To describe the issues encountered during the implementation of an indoor smoking ban in prison and its effects on self-reported tobacco use, perceived exposure to second-hand smoke (SHS) and perceived health status of inmates in Quebec's provincial correctional facilities.
Quantitative data were obtained from 113 inmates in three provincial correctional facilities in the province of Quebec, Canada. Qualitative data were obtained from 52 inmates and 27 staff members. Participants were recruited through a self-selection process. Particular efforts were made to enrol proportions of men, women, smokers and non-smokers similar to those generally found among correctional populations.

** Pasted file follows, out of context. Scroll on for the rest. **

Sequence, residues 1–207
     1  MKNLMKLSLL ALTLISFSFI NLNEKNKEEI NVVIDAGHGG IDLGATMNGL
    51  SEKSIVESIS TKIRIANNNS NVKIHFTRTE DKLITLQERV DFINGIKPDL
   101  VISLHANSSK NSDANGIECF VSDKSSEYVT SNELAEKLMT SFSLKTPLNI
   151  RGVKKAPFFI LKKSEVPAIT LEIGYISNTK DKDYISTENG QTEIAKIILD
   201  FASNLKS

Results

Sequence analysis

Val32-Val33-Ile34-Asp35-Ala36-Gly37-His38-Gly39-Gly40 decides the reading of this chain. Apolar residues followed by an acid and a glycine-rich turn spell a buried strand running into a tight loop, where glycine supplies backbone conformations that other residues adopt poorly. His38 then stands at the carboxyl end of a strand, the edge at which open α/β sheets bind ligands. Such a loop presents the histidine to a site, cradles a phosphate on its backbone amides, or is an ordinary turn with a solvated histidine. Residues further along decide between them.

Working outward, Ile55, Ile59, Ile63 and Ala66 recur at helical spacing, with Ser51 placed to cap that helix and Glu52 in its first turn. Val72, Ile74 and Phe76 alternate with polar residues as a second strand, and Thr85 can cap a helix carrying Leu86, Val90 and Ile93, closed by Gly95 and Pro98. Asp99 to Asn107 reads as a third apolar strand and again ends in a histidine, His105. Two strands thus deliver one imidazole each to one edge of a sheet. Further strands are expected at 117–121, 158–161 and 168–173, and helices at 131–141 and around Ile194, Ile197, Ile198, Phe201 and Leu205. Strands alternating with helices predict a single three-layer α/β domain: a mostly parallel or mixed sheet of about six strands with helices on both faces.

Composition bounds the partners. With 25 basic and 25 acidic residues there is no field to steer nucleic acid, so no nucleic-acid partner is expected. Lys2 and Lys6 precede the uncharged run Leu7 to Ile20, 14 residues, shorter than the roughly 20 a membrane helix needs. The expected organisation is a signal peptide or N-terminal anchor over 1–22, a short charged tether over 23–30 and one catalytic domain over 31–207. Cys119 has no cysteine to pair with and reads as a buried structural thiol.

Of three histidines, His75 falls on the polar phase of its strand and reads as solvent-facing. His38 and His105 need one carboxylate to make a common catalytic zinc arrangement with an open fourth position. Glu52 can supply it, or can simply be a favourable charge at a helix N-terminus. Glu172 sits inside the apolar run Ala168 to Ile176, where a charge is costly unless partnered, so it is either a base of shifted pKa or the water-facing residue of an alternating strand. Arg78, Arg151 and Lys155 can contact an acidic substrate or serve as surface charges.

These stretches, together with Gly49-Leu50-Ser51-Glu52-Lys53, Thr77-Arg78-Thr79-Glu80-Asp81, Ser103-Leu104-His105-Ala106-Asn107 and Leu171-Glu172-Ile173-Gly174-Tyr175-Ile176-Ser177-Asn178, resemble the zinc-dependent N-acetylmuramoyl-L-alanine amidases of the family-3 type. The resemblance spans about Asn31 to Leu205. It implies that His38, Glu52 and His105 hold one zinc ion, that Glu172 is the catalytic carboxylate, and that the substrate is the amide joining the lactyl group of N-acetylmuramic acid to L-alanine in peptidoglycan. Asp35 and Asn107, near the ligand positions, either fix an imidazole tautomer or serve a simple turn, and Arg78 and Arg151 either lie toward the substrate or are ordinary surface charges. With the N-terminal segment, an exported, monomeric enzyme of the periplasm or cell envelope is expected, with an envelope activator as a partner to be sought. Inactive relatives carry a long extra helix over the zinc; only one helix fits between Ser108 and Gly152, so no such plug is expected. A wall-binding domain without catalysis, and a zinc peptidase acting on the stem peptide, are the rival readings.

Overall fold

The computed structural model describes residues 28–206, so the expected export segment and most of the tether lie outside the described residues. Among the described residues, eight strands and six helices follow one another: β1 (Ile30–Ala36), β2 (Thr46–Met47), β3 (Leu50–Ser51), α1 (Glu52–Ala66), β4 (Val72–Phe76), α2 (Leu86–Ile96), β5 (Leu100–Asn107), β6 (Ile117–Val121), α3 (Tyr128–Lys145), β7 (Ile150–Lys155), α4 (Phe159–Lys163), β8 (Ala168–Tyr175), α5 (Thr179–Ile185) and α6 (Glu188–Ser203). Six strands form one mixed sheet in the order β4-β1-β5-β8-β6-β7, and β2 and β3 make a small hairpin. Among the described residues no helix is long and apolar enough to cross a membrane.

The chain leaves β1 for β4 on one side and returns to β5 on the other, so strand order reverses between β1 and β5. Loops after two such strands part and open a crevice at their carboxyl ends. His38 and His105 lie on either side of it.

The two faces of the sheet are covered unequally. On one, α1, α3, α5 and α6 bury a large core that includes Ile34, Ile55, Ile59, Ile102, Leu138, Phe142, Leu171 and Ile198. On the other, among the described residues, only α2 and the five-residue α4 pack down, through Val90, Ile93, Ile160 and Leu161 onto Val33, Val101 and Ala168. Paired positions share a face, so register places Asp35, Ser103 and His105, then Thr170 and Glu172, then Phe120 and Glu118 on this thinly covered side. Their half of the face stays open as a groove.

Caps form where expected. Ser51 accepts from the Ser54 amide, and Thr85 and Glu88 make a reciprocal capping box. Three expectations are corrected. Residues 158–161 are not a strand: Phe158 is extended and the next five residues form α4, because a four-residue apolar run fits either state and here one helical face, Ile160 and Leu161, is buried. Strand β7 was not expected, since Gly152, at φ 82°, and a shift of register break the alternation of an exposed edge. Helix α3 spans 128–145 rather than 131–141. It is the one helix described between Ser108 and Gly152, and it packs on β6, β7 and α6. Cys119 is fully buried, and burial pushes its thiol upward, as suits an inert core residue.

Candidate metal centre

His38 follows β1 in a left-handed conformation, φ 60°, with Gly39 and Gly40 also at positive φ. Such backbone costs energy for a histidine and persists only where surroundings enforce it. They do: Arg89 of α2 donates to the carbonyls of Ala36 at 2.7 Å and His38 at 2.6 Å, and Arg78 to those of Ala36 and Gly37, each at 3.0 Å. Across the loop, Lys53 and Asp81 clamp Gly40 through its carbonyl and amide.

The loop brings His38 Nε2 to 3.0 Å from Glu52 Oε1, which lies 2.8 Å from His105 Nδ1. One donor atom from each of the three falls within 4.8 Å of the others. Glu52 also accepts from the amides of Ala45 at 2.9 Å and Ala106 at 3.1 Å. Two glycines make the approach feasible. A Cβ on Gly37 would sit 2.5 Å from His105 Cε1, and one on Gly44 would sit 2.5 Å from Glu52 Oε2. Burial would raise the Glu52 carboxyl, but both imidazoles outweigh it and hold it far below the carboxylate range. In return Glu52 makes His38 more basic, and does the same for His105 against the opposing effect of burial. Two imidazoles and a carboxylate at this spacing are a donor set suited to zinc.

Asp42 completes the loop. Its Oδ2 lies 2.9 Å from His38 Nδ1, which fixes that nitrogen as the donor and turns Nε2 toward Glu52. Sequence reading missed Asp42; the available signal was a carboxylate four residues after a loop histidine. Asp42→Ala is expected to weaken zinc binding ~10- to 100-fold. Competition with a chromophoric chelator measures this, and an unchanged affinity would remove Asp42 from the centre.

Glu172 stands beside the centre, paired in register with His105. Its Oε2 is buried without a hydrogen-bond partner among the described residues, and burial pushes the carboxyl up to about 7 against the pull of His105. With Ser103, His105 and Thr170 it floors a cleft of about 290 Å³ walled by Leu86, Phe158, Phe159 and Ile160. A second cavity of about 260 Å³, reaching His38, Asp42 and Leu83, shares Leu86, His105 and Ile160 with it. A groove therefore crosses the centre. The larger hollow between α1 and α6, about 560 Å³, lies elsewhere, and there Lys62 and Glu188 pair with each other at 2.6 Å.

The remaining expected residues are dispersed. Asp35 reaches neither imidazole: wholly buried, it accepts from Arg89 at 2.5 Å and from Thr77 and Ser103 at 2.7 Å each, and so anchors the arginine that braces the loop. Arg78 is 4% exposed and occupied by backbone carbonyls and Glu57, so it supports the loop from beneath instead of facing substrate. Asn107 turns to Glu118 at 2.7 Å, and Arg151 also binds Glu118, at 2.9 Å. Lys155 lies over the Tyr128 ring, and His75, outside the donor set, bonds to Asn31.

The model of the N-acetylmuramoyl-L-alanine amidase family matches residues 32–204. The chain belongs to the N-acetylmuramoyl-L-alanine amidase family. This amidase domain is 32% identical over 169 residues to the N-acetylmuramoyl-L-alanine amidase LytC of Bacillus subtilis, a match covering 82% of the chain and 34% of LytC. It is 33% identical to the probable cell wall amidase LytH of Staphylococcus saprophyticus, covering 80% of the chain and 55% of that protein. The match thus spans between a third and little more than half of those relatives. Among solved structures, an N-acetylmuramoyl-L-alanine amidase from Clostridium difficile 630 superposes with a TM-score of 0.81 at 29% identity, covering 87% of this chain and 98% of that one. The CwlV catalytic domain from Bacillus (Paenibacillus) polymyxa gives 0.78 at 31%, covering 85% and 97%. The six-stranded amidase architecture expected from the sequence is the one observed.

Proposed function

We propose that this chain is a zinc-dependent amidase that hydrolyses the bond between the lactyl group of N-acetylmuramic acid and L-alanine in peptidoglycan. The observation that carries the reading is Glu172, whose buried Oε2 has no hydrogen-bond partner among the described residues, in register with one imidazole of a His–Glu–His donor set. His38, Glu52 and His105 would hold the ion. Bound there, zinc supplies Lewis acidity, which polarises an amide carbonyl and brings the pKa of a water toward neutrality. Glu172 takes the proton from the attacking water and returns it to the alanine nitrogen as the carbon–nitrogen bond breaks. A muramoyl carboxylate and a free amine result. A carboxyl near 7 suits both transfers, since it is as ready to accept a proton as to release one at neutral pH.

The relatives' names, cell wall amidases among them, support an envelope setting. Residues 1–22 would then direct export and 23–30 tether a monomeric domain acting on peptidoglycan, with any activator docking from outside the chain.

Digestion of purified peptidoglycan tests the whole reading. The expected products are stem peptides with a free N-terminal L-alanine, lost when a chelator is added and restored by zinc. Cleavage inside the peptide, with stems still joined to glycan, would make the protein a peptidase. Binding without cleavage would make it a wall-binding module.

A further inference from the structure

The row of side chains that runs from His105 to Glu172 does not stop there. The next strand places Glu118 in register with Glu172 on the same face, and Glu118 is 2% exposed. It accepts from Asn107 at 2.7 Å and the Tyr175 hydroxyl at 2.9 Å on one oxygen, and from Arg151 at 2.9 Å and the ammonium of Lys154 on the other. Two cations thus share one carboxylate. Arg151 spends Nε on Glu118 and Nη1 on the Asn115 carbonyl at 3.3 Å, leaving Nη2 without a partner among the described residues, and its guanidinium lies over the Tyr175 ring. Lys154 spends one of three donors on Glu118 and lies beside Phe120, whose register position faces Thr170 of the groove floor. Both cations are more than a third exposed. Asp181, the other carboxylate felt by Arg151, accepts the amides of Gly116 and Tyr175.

Despite the indoor smoking ban, 93% of inmates who declared themselves smokers reported using tobacco products inside the correctional facilities and 48% did not report any reduction in their tobacco use. Only 46% of smokers declared having been caught smoking inside the facility, and more than half of them (58%) reported no disciplinary consequences to their smoking. A majority of inmates incarcerated before the implementation of the ban (66%) did not perceive a reduction of their exposure to SHS following the indoor ban. Enforcement issues were encountered during the implementation of the indoor ban, notably because of the amendment made to the original regulation (total smoking ban) and tolerance from smokers in the staff towards indoor smoking. They were also related to perceptions that banning indoor smoking is complex and poses management problems.
This study's findings emphasize the importance of considering organizational and environmental factors when planning the implementation of an indoor smoking ban in correctional facilities.